Outlook: The defending Governors’ Cup Champions were expecting to start the 2013 campaign with Jackie Bradley Jr. as their showpiece in the outfield. That was before the spring and before the 23-year-old centerfielder made a legitimate push for a big league roster spot.
Regardless of if Bradley starts the season with the PawSox or not, there is still a ton of young talent that will be on display just 45 minutes south of Fenway Park.
The pitching core stands out with solid arms that could also, like Bradley, force the issue with strong cases for big league spots. Among those that could find themselves helping the big club before it’s all said and done are knuckleballer Steven Wright and the two main trade pieces in last year’s blockbuster deal with the Los Angeles Dodgers, Rubby de la Rosa and Allen Webster.
Offensively there is a good mix of returning talent, including outfielders Jeremy Hazelbaker and Bryce Brentz, both of whom saw of action during Pawtucket’s title run after starting their seasons in Double-A Portland.
With a full house of backstops in Boston, Ryan Lavarnway will return to Pawtucket to start the season, but will look to push his way back to the big club sooner-rather-than-later. Last season around this time he wasn't all that pleased to be in Triple-A and after finishing last year with Boston he is most likely not salivating at the idea of being sent back.
In happier returns, the organization welcomes new manager Gary DiSarcina back into the fold. The former Lowell Spinners skipper (2007-2009) returned to the Red Sox organization after two seasons with the Los Angeles Angels.
Thoughts: If somehow the big club decides to place Bradley in Triple-A to start the season, than expect the early home games at McCoy to be standing room only. This would be a great opportunity to see a “sure-thing” big-leaguer at a minuscule price (just ask the fine folks in the Portland, Maine region), so snatch up April tickets ASAP because his stay won’t be long. With or without Bradley, the talent of Webster, de la Rosa, Brentz, Hazelbaker, et al, will still prove to be a bargain worth investing in.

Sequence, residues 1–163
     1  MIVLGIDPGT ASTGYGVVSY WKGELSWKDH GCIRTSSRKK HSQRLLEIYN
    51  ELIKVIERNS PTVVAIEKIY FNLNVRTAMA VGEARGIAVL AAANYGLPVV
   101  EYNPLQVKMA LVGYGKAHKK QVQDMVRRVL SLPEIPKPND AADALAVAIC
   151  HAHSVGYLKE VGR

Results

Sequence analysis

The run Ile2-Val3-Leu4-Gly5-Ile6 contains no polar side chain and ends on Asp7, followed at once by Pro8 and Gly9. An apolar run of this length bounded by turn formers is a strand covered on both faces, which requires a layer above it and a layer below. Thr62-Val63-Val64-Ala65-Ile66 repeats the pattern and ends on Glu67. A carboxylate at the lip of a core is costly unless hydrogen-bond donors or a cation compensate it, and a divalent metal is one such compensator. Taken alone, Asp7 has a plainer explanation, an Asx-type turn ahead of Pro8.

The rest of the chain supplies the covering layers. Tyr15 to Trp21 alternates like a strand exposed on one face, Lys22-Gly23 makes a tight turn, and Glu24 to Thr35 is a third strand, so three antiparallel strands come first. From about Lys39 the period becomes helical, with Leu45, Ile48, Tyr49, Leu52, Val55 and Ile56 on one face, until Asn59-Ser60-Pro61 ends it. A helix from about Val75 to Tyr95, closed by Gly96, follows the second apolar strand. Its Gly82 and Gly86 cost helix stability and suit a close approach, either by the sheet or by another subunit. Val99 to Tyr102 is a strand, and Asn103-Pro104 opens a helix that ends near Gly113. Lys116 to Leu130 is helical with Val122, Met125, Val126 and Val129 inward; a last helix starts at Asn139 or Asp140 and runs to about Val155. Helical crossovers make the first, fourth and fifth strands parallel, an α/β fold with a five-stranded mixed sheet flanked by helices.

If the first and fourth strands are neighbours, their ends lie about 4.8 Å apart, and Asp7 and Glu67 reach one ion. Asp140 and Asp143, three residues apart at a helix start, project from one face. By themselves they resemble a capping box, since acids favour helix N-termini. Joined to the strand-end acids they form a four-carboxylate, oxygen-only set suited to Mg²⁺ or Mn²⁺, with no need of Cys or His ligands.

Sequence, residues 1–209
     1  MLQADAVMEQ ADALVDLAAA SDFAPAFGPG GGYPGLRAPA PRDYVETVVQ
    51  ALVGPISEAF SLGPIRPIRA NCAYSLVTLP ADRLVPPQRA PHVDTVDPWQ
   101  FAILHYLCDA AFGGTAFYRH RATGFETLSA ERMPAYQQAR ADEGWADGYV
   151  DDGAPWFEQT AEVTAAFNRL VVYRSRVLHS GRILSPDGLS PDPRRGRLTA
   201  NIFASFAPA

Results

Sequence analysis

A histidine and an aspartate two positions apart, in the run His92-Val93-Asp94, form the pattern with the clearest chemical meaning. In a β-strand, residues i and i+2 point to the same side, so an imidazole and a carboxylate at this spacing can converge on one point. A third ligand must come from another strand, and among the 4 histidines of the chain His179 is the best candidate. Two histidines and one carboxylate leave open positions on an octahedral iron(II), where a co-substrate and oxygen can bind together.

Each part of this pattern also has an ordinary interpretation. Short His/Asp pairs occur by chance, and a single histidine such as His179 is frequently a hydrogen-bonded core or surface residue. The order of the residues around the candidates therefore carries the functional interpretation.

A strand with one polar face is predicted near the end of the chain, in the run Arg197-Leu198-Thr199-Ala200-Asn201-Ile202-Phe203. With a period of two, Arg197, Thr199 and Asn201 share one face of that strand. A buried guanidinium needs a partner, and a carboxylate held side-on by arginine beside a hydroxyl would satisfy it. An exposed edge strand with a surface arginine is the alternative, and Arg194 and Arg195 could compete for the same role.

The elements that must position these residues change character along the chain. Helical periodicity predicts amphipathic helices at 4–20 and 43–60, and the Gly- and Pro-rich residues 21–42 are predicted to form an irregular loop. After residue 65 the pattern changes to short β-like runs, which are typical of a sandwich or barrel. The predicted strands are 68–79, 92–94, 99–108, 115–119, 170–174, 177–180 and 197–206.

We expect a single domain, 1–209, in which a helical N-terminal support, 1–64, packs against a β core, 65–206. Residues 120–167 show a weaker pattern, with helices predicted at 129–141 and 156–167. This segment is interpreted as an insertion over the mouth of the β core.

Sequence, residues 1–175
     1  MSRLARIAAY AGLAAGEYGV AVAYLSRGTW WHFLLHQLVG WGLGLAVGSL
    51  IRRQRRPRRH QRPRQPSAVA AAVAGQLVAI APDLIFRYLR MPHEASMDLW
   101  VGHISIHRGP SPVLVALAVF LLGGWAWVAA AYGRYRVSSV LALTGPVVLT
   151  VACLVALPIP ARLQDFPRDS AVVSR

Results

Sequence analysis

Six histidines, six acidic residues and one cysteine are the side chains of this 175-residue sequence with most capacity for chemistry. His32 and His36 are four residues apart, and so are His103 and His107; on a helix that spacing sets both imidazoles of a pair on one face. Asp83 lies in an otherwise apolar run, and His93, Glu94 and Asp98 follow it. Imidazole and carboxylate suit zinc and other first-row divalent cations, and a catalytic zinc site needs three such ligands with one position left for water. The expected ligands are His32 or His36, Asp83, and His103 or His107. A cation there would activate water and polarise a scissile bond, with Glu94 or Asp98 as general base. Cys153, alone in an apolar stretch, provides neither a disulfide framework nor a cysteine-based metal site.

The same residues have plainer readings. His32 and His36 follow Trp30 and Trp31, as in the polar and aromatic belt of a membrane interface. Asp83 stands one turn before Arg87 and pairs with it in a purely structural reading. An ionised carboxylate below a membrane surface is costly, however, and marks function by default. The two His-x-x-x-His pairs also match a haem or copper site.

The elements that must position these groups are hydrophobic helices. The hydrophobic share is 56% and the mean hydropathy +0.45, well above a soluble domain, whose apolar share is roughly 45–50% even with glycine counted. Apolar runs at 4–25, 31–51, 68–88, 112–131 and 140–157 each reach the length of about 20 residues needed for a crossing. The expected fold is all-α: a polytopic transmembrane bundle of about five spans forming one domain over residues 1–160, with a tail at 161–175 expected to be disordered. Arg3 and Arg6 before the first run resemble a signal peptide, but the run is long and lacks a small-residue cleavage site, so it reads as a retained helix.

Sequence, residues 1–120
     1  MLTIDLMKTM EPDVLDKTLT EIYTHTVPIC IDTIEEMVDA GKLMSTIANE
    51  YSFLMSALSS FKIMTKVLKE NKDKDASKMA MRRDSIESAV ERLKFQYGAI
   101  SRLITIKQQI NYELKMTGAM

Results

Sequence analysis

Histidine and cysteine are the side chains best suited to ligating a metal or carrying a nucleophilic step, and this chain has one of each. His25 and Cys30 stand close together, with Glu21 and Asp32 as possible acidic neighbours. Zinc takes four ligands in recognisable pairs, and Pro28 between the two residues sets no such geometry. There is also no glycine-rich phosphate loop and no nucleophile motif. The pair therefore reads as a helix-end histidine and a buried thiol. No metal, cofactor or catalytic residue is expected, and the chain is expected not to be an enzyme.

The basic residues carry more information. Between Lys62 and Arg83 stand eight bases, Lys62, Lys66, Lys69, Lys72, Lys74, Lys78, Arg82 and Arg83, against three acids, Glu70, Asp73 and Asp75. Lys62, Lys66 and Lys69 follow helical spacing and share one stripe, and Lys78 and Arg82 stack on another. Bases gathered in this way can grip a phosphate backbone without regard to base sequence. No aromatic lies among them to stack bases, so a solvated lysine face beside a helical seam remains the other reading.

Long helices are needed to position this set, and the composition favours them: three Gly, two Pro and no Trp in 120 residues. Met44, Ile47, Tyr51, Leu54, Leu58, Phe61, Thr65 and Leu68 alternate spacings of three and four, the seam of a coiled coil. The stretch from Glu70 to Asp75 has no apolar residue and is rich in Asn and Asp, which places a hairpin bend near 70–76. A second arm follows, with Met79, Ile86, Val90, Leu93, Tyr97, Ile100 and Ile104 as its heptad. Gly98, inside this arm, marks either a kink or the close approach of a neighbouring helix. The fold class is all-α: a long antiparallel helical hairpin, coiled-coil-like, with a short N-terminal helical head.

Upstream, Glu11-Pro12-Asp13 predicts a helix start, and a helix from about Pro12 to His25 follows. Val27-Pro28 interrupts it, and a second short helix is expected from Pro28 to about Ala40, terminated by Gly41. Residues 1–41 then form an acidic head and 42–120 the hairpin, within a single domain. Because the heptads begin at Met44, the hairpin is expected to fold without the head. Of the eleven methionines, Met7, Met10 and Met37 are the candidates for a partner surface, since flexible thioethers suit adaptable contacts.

Also, this is an extremely likable bunch that diehards will enjoy rooting on, especially the likes of utility man Justin Henry, catcher Dan Butler and second baseman Tony Thomas.
It will be interesting to see how often the Pawtucket-to-Boston shuttle departs, considering the expected “bridge season” that Boston seems to have temporarily built. If that bus schedule becomes as frequent as it was a year ago, then the names and faces for the PawSox could change a lot. However, there is a decent enough core of players expected to stick around all season that could make successful charge towards defending the Governors’ Cup.
Player to watch: Webster. He has continued to impress the brass (among everyone else) this spring, and his high-90s heater seems to be better than advertised. He throws a heavy, sinking pitch that induces ground balls when it's not being used to strike out the opposition, and he has a solid change and slider in his repertoire. Over 11 innings of work in spring training, Webster has struck out 14 and allowed only one walk and 2 earned runs.
Strengths: Pitching – There are plenty of big guns that are locked, loaded and looking to impress. Jose De La Torre could be a sleeper out of the pen. The 27-year-old right-hander is fresh off a decent stint with Puerto Rico in the World Baseball Classic (12 Ks in 5 2/3 innings of relief). Over his past four seasons in the minors he has 2.54 ERA to go with a respectable 2.31:1 strikeout-to-walk ratio.
Weaknesses: Power – Don’t expect a lot of souvenir balls to be sailing over the McCoy Stadium outfield walls. Brentz (47 Hrs in last two seasons) possess some solid pop, but after that there may be a rolling blackout of sorts up-and-down the lineup.
Drafted by the Red Sox with the 31st overall pick two months prior, Johnson was tabbed to start in the big house for the Lowell Spinners as part of the annual Futures at Fenway showcase.
Slated to throw innings on one of the most historic stages for the game, his next pitch would prove to be his last of the season.